Two Liberian humanitarians have begun feeding the Blinds, Cripples and underprivileged with the Sibkor Airfield Community.
Theo Dennis and Peter Scott expressed the belief that the blind, cripple and underprivileged were abandoned by their own families and stakeholders in society.
During the distribution last weekend, each blind, cripple and underprivileged person was given a bag of rice and transportation to take home what they received.
According to Dennis and Scott, the food will last only for a month, following which they (blind and cripple) would return every month for new rations to the end of the year. They also informed the recipients that, in addition to the bag of rice, a feeding program has been launched for the blind and cripple to eat two times daily every day in the Shark’s neighborhood, Airfield.
A huge number of blind and cripple people from across Central Monrovia and immediate environs, including Bonar Farm, Red light, Duala, Jacob Town and Sinkor, who usually visit places, including Vamoma House, 20th Street and various supermarkets in Sinkor in search of livelihood, queued in the Shark’s neighborhood of Airfield Sinkor to receive a bag of rice each at the start of the feeding projects initiated by the two Liberian.
The project is intended to keep the blind and cripple out of the streets and danger.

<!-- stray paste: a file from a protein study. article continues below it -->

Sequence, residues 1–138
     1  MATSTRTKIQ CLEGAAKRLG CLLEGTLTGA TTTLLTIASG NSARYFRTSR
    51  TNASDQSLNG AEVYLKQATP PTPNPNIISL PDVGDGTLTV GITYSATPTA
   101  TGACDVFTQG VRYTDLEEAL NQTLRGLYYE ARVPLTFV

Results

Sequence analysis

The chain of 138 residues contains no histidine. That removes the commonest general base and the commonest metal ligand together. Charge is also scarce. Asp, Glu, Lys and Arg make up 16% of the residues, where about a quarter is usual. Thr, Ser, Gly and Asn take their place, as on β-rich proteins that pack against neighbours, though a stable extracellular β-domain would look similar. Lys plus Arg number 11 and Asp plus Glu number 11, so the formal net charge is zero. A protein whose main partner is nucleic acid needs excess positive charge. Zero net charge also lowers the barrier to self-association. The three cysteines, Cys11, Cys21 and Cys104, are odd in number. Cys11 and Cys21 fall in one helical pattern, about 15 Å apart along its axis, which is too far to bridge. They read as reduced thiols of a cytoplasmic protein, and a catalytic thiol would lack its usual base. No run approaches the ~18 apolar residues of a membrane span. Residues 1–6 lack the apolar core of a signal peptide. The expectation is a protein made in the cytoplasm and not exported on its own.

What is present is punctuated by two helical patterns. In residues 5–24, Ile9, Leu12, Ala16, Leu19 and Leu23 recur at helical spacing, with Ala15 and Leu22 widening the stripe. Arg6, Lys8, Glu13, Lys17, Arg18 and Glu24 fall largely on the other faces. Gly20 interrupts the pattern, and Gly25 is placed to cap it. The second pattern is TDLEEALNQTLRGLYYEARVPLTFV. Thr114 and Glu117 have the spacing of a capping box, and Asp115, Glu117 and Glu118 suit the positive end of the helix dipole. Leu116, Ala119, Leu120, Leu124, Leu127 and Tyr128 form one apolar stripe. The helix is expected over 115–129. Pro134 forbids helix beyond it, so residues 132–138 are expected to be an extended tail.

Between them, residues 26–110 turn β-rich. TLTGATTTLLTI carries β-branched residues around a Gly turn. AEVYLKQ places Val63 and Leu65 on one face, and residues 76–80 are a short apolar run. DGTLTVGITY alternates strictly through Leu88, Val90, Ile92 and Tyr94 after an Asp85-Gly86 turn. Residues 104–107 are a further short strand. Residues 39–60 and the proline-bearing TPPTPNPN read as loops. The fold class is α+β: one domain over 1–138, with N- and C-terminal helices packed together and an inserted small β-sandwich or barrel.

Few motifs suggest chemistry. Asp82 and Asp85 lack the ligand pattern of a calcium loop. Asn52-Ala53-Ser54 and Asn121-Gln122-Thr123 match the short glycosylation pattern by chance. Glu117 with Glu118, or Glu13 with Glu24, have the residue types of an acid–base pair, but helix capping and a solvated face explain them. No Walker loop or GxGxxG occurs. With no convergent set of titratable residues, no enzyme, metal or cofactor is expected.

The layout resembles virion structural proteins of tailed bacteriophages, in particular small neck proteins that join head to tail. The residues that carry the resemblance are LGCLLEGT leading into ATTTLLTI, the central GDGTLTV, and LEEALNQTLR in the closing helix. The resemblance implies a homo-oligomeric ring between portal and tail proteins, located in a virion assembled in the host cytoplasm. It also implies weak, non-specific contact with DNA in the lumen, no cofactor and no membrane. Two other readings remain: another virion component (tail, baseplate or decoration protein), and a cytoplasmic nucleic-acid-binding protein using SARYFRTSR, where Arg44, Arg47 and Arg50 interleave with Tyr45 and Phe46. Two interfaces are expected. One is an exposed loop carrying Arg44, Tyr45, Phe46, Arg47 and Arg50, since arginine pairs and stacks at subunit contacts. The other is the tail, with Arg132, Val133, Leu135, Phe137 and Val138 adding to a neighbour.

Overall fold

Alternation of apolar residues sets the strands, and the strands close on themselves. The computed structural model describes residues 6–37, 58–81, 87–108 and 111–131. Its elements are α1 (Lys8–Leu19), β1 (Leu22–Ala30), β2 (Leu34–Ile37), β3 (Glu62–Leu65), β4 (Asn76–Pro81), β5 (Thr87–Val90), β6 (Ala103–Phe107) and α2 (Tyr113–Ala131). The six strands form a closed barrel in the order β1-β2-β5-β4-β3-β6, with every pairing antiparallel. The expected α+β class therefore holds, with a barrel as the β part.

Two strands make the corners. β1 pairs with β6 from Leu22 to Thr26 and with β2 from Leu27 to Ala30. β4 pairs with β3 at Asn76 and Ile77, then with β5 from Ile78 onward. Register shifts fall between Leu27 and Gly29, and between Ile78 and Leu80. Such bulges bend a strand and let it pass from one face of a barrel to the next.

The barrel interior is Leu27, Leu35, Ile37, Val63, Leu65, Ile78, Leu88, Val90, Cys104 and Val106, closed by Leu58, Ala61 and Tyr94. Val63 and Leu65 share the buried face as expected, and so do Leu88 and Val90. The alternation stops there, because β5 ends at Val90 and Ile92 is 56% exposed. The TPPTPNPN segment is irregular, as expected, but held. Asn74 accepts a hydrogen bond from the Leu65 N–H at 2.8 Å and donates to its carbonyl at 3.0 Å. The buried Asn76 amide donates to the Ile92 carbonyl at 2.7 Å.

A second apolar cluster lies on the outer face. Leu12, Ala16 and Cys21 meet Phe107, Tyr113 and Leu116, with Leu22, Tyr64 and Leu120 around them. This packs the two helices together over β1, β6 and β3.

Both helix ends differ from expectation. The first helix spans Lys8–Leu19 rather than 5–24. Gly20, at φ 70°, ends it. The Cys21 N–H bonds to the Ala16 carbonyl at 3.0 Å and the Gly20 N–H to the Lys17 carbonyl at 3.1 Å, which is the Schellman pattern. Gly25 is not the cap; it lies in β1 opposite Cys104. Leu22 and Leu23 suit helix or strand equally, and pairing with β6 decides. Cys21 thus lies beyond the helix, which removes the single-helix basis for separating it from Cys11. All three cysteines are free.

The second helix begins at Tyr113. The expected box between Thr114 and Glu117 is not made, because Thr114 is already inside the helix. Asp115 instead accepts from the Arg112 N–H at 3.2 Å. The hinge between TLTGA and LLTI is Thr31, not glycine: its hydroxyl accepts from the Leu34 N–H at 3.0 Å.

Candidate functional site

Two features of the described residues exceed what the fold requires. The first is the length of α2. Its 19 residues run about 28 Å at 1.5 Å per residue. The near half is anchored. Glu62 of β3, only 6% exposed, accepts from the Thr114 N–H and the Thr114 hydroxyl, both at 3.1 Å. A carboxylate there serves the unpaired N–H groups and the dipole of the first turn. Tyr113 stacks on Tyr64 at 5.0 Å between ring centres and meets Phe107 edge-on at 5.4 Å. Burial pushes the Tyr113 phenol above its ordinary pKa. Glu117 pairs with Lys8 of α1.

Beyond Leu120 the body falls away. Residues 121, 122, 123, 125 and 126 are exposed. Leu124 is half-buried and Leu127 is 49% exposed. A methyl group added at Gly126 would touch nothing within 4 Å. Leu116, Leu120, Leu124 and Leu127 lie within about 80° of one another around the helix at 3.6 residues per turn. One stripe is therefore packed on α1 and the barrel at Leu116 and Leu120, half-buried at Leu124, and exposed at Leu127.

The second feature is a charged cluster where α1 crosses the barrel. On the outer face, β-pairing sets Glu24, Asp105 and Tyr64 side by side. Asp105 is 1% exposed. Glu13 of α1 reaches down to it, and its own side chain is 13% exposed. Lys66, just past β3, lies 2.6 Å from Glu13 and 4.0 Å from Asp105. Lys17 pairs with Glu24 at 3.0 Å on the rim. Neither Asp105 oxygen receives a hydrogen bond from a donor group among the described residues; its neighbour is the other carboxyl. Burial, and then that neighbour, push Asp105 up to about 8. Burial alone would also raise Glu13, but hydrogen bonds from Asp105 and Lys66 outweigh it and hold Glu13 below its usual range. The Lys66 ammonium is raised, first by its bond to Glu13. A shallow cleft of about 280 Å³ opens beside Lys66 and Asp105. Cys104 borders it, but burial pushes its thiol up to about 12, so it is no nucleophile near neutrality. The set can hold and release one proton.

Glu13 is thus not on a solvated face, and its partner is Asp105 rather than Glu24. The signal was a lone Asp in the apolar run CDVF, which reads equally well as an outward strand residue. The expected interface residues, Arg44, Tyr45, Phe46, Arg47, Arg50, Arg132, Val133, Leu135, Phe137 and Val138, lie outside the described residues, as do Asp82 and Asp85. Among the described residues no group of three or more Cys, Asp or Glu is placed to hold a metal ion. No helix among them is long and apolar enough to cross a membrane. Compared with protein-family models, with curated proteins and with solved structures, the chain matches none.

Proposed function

Some of the blind and cripple told this paper that they were gratified by the efforts of the two Liberian humanitarians, noting that the launch of the project by the two Liberians was indeed the solution to their problems.
Annie Kiazolu- a mother of three, said though she would still continue to beg, it would be at a minimum level. “Maybe when you see me on the street begging, it is to get money for soap or other household materials or school fees for my children; for the issue of food, Uncle Theo and Scott have settled that- let me tell you something my son, this bag of rice will not even finish in a month and I will get another from here again because me and my children will come here and eat three times a day, and when we eat here and go home, we will not cook again,” she noted happily.
Another blind, only identified as Paul, urged other wealthy Liberians to emulate the example of Theo Dennis and Peter Scott, stressing that as the two Liberians were feeding them, he wanted others to create a scholarship scheme for the blind and cripple.
Both men Theo Dennis and Peter Scott could not speak to the Press on record, but noted, off the record that the project was their own initiative., adding that wanted nothing in return for their initiative except God’s Blessing.